Herbert Taylor's funeral attracted crowds on Prestatyn High Street
A search is on for descendants of a World War I veteran who has been given a gravestone 91 years after he died.
Herbert Taylor is believed to have been the first WWI soldier buried with full military honours in Prestatyn, Denbighshire, in 1917.
However, a headstone was never paid for and a local historian believes this was because his family moved away.
Prestatyn Town Council, which paid for the stone, wants any relatives to attend a church service on Saturday.
The coffin was transported by horse and carriage
The service, which will officially dedicate the headstone to Lieutenant Quartermaster Taylor, will be at Prestatyn Parish Church at 1100 BST on Saturday.
Until now, his grave has been unmarked.
Local historian Jerard Bone came across the discrepancy when he was researching war memorials in Denbighshire.
He said: "I was very intrigued by a postcard that had been given to me by picture historian Harry Thomas showing the very first funeral with full military honours in Prestatyn.
"But when I looked, I couldn't find Mr Taylor's headstone.
"From the image, I could see exactly where he had been buried so I did some research and later discovered a lot about this chap from records in London.
The council, and local historians, hope relatives can be traced
"I learnt that he was from Cardiff and had four sons. He used to be the manager of the city's Empire Theatre but took a £180 pay cut because he was desperate to serve his country."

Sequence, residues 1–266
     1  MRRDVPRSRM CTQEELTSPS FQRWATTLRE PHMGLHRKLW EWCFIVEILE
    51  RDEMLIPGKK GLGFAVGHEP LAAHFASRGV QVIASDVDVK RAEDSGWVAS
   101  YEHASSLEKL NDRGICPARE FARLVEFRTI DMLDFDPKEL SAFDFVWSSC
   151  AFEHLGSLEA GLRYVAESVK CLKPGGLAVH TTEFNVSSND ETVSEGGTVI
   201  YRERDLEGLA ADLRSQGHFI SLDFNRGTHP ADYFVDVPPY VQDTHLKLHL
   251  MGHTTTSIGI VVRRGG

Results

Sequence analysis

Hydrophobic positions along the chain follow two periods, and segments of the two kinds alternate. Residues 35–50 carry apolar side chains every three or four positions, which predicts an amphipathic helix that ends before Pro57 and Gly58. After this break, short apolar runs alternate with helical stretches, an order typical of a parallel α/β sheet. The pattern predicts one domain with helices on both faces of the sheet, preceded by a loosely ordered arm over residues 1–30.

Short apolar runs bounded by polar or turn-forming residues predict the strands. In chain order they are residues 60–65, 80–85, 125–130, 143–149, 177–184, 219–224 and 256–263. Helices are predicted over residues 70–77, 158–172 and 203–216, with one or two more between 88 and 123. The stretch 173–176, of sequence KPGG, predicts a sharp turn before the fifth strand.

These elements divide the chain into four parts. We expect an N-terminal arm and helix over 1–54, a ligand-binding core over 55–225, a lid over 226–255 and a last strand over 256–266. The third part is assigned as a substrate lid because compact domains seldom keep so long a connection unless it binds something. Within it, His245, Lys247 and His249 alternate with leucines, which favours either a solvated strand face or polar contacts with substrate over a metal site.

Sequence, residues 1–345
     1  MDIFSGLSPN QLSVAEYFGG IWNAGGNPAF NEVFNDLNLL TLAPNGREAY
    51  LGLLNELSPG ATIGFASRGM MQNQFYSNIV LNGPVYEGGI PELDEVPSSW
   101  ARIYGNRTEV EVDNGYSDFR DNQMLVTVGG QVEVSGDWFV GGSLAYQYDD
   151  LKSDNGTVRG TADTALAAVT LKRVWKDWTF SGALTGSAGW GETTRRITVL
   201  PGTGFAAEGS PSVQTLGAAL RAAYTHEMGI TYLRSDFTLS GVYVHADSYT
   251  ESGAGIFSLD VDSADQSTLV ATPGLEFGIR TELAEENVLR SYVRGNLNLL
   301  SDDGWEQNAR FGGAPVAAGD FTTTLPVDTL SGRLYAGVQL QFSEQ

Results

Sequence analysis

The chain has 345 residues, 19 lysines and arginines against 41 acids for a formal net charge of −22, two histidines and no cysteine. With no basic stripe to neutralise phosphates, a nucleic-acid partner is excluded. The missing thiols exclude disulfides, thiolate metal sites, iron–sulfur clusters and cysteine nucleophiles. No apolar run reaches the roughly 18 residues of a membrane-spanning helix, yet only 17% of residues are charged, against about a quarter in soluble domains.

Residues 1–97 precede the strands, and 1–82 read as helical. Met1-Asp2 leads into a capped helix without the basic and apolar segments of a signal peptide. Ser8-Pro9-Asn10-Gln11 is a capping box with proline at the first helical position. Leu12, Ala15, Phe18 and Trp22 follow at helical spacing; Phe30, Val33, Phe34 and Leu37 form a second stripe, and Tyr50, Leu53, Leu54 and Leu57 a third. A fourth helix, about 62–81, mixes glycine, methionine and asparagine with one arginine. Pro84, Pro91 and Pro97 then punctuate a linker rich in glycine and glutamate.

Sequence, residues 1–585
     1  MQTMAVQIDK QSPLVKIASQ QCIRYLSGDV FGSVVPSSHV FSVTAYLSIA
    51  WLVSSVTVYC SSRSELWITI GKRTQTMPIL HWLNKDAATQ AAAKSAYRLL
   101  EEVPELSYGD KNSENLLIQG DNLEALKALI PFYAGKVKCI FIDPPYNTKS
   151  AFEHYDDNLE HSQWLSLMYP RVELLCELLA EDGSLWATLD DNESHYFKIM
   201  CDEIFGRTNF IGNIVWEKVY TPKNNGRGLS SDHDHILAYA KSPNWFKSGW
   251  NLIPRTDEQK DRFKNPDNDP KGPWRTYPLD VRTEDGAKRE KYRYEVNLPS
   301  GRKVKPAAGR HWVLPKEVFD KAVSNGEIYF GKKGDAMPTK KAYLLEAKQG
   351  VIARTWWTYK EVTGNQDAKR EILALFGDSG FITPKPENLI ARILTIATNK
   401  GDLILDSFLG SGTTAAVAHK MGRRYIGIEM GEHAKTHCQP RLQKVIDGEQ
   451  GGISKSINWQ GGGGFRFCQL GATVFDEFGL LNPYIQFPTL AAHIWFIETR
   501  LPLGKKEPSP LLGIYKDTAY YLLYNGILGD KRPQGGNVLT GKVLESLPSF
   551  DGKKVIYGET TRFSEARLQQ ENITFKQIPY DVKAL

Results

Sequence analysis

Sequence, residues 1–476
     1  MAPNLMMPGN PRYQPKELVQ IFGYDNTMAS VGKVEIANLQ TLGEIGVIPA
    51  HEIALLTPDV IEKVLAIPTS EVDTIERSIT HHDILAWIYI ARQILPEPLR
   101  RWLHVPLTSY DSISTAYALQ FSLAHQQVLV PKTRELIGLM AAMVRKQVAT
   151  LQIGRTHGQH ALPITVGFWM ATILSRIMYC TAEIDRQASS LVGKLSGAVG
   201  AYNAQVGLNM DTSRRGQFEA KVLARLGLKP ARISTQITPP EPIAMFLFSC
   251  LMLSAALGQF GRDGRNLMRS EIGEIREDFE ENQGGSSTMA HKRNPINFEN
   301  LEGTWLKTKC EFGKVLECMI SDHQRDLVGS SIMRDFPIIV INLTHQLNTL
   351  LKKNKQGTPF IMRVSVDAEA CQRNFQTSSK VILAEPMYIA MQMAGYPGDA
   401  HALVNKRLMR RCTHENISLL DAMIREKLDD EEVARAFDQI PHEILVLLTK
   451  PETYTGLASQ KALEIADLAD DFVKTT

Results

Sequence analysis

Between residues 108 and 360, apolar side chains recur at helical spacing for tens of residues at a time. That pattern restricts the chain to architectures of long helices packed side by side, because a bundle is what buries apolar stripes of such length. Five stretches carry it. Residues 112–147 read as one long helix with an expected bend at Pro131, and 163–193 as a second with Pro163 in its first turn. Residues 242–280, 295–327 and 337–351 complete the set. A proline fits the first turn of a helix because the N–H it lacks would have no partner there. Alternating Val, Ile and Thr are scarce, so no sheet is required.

The Empire stood in the Queen Street in the city centre, until the building was eventually demolished in the 1960s.
Mr Taylor served 21 years with the 3rd Volunteer Rhondda Battalion, which later became part of the Royal Welsh Fusiliers.
The battalion was stationed in Prestatyn before going to France, and he had been involved in raising recruits.
In December 1916, he was forced to resign from the armed forces when he fell ill in France, and returned briefly to Prestatyn.
He died aged 48 on 3 January, 1917, after suffering a brain haemorrhage.
Mr Bone believes Mr Taylor's family might have moved back to Cardiff before a headstone could be erected and the issue of marking his grave became overlooked.
Soldiers and civilians turned up for the burial service
Mr Bone claimed providing a headstone had been outside the remit of the Commonwealth War Graves Commission and the Royal British Legion.
A campaign was taken up by town and county councillor June Cahill last year when she was mayor of Prestatyn, and the town council has now paid for and installed the headstone.
She said: "We are very pleased to have provided the funds for Herbert's headstone.
"We just hope any relatives of his can attend the service."
A spokesman for the Commonwealth War Graves Commission said they would investigate the case to see if Mr Taylor could be added to its list of fallen during the Great War.
If so, the grave would become one of 170,000 war graves in the UK which are looked after by the Commission in 13,000 different burial grounds.
The headstone was installed last month and Saturday's official service will include members of the British Legion, the Royal Welsh battalion and the Western Front Association.
It is thought Mr Taylor could still have descendants in the south Wales area.
Any relatives are asked to contact Ms Cahill on 01745 856 775.